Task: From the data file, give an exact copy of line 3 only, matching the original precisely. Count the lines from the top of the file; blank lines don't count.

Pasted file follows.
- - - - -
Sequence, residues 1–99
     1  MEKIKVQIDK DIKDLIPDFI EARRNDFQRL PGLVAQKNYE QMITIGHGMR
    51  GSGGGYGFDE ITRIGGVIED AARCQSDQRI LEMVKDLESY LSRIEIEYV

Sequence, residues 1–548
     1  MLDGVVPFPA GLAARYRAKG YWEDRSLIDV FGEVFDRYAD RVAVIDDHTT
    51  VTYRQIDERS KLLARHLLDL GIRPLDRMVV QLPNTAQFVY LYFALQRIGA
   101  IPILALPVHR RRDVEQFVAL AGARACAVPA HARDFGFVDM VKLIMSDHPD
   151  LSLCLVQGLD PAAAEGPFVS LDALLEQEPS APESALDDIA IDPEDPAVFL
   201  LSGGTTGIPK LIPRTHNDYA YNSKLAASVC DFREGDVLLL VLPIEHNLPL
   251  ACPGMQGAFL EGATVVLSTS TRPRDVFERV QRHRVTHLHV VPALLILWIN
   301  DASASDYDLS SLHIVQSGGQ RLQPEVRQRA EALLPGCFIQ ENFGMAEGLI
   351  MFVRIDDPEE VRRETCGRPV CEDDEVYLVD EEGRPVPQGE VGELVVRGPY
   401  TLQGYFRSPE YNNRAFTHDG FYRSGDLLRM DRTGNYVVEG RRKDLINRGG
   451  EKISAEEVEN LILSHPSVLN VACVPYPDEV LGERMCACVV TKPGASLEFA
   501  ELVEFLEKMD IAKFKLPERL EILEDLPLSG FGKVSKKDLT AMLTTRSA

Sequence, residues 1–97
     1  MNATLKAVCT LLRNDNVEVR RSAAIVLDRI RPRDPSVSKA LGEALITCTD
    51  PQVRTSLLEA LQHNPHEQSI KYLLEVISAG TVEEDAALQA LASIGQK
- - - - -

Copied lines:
    51  GSGGGYGFDE ITRIGGVIED AARCQSDQRI LEMVKDLESY LSRIEIEYV